Opinion / Op-Ed Contributors

Make outer space safe for all

By Li Hong (China Daily) Updated: 2011-08-03 07:52

Make outer space safe for all

Gregory L. Schulte, US deputy assistant secretary of defense for space policy, recently told reporters that the United States has proposed to establish regular dialogue with China in an effort to create rules and reduce the risk of accidents and miscalculations in outer space.

Security in outer space has long been an issue of concern in the global arms control process. Since the late 1990s, China, Russia and some other countries have urged the international community to hold multilateral dialogue to prevent weaponization of outer space, and put forward specific proposals for concluding an international treaty to prevent an arms race in outer space.

But the US has been using every reason to refuse negotiating such a treaty for fear that it may restrict it from maintaining and developing its outer space anti-missile system and compromise its space military technology. Some US conservatives are convinced that the US can use its system and resources to maintain its dominance in space and it is unnecessary for it to hold talks with other countries, because they are quite inferior in terms of using space for military purposes. Hence, the US has been emphasizing freedom in the use of outer space. In essence, it wants to establish its hegemony over outer space.

During the first decade of this century, China achieved many a breakthrough in outer space technology such as launching manned space flights, performing spacewalk, establishing the Beidou navigation system, and conducting anti-satellite and anti-ballistic missile tests. Stung by the financial crisis, the US, however, has been forced to restrict the development of its outer space technology and end its space shuttle program. These can be seen as a setback for US space technology development.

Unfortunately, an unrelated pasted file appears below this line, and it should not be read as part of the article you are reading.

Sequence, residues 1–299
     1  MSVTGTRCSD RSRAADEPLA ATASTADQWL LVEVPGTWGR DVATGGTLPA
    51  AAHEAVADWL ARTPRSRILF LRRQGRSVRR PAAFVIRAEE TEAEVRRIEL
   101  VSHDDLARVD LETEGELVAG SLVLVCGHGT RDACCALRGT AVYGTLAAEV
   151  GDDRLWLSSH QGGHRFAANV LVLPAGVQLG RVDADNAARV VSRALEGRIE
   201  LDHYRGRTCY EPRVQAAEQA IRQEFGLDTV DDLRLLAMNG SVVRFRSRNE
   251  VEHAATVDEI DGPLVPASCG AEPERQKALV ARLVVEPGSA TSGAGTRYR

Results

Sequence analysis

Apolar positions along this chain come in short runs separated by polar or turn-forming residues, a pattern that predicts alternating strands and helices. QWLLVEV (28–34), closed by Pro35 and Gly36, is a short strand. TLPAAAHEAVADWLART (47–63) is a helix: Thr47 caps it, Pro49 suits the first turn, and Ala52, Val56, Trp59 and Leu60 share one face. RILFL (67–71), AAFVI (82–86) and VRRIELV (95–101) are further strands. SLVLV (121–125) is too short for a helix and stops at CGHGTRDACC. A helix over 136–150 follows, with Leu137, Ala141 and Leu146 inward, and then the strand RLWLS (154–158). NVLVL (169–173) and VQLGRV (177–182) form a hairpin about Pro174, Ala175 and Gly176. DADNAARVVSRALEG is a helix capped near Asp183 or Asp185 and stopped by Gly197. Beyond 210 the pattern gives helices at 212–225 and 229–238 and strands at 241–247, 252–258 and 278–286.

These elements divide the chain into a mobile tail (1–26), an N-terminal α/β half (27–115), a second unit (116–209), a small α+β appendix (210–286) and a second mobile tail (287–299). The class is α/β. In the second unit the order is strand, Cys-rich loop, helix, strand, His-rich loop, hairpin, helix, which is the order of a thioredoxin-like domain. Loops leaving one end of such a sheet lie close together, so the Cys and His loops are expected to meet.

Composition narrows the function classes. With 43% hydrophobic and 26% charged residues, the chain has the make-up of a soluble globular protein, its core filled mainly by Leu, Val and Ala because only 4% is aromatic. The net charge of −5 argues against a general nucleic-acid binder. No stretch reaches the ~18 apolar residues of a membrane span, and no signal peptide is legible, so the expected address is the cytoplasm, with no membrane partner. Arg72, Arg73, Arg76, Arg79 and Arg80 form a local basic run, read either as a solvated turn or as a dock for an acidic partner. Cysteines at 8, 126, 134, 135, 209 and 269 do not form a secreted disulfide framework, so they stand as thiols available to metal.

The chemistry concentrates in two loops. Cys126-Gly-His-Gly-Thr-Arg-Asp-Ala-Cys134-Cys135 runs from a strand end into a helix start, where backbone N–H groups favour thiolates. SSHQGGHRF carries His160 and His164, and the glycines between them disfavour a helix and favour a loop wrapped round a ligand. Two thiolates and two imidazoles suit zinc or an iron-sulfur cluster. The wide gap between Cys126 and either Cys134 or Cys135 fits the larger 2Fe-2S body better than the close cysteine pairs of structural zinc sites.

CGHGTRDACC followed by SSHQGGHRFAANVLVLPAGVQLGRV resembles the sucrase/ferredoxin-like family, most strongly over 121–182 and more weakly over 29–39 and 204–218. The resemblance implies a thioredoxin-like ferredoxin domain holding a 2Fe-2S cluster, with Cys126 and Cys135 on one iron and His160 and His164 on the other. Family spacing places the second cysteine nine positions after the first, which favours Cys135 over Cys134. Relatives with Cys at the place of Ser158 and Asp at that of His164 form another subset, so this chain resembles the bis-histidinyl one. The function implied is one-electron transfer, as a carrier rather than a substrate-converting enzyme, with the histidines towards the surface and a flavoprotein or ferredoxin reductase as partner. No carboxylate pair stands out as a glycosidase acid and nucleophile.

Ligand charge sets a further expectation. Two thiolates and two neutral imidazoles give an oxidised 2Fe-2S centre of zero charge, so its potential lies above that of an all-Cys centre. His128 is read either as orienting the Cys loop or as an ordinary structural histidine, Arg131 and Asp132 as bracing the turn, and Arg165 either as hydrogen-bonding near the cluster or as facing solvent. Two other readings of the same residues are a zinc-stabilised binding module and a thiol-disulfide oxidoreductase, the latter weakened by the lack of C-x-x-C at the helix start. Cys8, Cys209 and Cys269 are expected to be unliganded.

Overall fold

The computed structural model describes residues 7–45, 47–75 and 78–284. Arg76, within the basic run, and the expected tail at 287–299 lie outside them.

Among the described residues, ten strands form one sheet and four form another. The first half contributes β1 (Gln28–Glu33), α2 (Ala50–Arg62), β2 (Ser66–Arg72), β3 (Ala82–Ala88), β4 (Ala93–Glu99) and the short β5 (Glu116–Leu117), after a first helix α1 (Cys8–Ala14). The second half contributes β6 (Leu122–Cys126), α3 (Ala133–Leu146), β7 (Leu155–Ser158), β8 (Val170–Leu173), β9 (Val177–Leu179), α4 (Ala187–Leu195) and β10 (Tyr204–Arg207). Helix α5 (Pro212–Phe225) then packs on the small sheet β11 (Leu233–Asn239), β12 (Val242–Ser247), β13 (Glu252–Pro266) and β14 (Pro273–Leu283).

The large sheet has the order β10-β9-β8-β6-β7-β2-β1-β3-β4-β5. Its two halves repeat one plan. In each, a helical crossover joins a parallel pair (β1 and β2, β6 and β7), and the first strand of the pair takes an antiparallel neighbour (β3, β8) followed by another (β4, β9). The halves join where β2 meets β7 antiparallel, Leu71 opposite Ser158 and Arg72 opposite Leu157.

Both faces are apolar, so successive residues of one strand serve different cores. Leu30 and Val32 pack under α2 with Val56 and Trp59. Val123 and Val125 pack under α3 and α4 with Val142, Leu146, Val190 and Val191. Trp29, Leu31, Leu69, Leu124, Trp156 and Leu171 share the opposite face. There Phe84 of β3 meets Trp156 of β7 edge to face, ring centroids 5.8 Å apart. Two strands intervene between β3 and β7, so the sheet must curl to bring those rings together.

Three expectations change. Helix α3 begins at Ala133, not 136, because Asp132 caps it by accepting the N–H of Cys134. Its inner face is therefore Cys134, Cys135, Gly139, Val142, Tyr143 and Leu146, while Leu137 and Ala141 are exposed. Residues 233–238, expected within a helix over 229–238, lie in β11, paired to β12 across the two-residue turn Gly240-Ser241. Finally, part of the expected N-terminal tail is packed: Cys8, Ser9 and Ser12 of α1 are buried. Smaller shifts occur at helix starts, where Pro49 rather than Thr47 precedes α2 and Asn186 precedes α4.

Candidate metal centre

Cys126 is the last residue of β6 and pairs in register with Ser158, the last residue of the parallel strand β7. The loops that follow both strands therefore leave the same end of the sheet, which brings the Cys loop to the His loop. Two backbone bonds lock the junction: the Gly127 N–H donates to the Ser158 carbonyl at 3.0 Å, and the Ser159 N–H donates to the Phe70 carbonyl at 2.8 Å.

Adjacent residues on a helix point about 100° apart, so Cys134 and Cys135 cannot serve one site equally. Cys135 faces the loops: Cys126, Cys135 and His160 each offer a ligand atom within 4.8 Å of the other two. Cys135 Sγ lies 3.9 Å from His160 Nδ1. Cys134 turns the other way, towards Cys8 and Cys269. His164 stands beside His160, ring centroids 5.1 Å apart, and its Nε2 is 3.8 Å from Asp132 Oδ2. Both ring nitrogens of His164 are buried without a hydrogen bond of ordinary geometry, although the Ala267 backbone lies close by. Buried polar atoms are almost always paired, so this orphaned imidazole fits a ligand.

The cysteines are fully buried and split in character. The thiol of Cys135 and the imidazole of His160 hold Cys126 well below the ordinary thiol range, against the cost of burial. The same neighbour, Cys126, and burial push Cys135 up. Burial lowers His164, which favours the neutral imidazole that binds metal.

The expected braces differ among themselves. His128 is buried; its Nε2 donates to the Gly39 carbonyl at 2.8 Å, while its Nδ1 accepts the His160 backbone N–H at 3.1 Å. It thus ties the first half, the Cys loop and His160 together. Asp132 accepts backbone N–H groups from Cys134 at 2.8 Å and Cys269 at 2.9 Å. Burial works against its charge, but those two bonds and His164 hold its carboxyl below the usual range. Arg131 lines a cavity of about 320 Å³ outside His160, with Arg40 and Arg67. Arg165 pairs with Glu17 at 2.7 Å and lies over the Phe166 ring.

More importantly, the US has realized that its advantage in outer space is facing serious challenges, and the gap between it and other countries is narrowing. This can mean only one thing: the US has to change its outer space security policy.

The US has issued the National Space Policy and National Security Space Policy. Both emphasize space technology cooperation with its allies and dialogue with Russia, China and other countries to prevent "irresponsible" acts in space.

But it should be noted that the US seeks to cooperate with its allies to integrate and use their resources, which would make up for its lack of investment and help it retain its leadership in space technology. The talks it wants would be focused on its two potential competitors, Russia and China, to regulate and constrain their development and prevent them from challenging US hegemony in space. This is typical Cold War mentality. The US' eagerness to establish dialogue with China reflects its uncertainty over space security challenges.

Until now, international laws and rules of conduct have been laid out on navigation and traffic on land and sea, and in the air. But since human activities in space are becoming increasingly frequent, it is in the interest of all countries to establish a new framework of international laws on and norms for the use of outer space.

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